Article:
A topic that many people who have spent time making candles get intimidated by is how to make gel
candles. Because it seems like a different form, it tends to be scary, but in reality, it isn’t much different
than normal wax candles. The basic rules continue to be the same and as you learn how to make gel
candles, you will quickly find that there aren’t too many things that you have to do differently in the
process. Here are a few pointers that can help you move along more quickly in the learning curve.
One of the first things that you have to decide when you learn how to make gel candles is how creative
you want to be. The advantage of gel is that its translucent color allows you to do things that you would
normally have trouble doing with wax that you can’t see through. Some examples are seascape candles,
piggy banks for children in which you can “float” money that they receive as they burn the candle, and
drink candles such as martinis and glasses of wine.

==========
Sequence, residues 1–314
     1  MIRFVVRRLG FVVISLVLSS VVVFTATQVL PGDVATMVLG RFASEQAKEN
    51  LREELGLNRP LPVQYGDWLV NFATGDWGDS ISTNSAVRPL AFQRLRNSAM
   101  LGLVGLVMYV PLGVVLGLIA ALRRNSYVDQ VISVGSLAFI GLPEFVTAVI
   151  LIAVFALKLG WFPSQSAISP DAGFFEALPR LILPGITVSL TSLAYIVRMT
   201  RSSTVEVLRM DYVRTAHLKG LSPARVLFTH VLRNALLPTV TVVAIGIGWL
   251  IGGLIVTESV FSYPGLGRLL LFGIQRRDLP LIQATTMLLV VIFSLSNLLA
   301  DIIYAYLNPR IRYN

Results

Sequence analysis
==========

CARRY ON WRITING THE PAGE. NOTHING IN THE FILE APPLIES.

Once you have decided which route you are taking, it should be noted that gel candles normally work
particularly well in glass. The wax adheres to the glass better than attempting to release it from stainless
steel or plastic, but it can be done. Just remember as you learn how to make gel candles that you are
working with a product that works in the same way as gelatin, and if you’ve ever tried to get it out of a
Jell-O mold after its set you can understand that problem. Gel candles are certainly firmer, but the
scientific structure of the wax is the same.
Another thing to keep in mind as you learn how to make gel candles is the use of zinc wicks. They are
more expensive, but they will become your best find if you wish to be successful. Cotton wicks work
well with other waxes because on a molecular level, other types of wax are larger. When you are
working with gel, a cotton wick will absorb the wax more quickly, causing the wick to burn faster and
When you work with gel candles, everything else is essentially the sa